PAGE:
Journalism diversifies; welcome citizens! Priya Tandon
Unhappy with mainstream media? Complaining about it will not help. Follow some tips, become a citizen journalist and shoulder the responsibility of providing diversified news and views.
THE ALARM OVER the demise of Fourth Estate has been raised time and again. A case in point is the Gulf War in 1991, when the American media had happily surrendered objectivity to juice up the US government’s stakes in Iraq. However, only ruing over the lost credibility of the mainstream media is not enough as there is a gap arising in its wake. You can now lend a hand in instituting another estate that can make up for the loss, a fifth estate called citizen journalism, a phenomenon that is catching up after the backwash of media malfunction.
Citizen journalism, as the name suggests, gives power to the citizens. The reticent common man who may hold views for or against a social practise or a civil law can now express his opinion. And not just views, s/he can happen to have a first hand account of an incident that never got space on news broadsheets or the details of which were too bland to make an enticing package and in turn hike the TRP ratings of a channel.
A pertinent question that a majority of people might want to ask at this juncture is: What/Who is a citizen journalist? A citizen journalist is a common man who wants to educate, inform, inspire, express or entertain - just the way a professional journalist does his job or is expected to do. And that the press barons and gatekeeper editors are not there to skew the reporting is a blessing in this case.
During the catastrophic tsunami, hordes of holidaymakers, who got caught in a wrong place at a wrong time, acted pronto and captured images and sent narratives of the tragedy, making it the most-widely filmed natural disaster. So, that makes the point clear. The system encourages average citizens who at some point find themselves in a telling situation and wish to volunteer to unfold it before the world and to take on the role of a journalist. And that makes for an awesome responsibility. Remember, the most memorable images of the July 11 London bombing were taken by subway riders using cell phones and not by news photographers, who didn’t have time to get there.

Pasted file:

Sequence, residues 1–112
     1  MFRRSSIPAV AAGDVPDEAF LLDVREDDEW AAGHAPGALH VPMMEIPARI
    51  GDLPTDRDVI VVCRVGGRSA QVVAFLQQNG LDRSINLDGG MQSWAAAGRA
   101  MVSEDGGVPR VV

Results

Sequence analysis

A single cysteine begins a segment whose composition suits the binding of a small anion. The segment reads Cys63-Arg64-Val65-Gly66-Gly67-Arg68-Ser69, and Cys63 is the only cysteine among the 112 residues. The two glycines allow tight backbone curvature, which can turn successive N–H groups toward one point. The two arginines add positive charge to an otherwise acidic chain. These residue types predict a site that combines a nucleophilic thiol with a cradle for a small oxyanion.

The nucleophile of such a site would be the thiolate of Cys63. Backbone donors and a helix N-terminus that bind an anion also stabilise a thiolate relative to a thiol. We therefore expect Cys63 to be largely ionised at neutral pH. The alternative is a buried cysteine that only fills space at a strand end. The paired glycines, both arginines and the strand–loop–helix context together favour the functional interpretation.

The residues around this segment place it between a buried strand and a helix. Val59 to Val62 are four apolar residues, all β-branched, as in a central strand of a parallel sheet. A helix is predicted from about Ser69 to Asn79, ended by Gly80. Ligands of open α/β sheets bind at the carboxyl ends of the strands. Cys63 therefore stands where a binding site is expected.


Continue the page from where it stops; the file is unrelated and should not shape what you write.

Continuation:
Here are some thumb rules to be followed by aspiring citizen journalists:
Keep up with public affairs: Commit to becoming a bit of a newshound. Whether you prefer newspapers, television, the Internet, or radio, always au fait on the latest events. Read opinion magazines to see what other people are thinking about, and create your own list of priorities. Citizen journalists should ideally cover not just what professional journalists cover, as well or better, but also much that they ignore.
Have an unbiased view, share it: It’s of immense importance that citizens hold a view on every issue. Whether for or against, you should always have a fair and objective opinion about everything. Of course, if you have an opinion, others are bound to argue with you about it. This is not a bad thing. Much can be learned from a free and open discourse. It is when citizens tune out and get disconnected that the politicians and the media use free will to its benefits.
Believe in free flow of information: The official mass media often kills an issue or a debate after a certain point of time when it stops boosting its TRP. Citizen journalists can act as a countervailing force for such lapses and excesses in the mainstream media. For instance, the unstoppable paparazzi to Rahul Mahajan came to an abrupt end. A majority of the viewers who received an overdose of the whole incident in the beginning could not comprehend the sudden death of the controversy in the professional media circles.
So, let us all go with the flow. Citizen journalism is not a fad that will flicker out. Instead it will gain ground as a dominant mode of information dissemination in the days to come.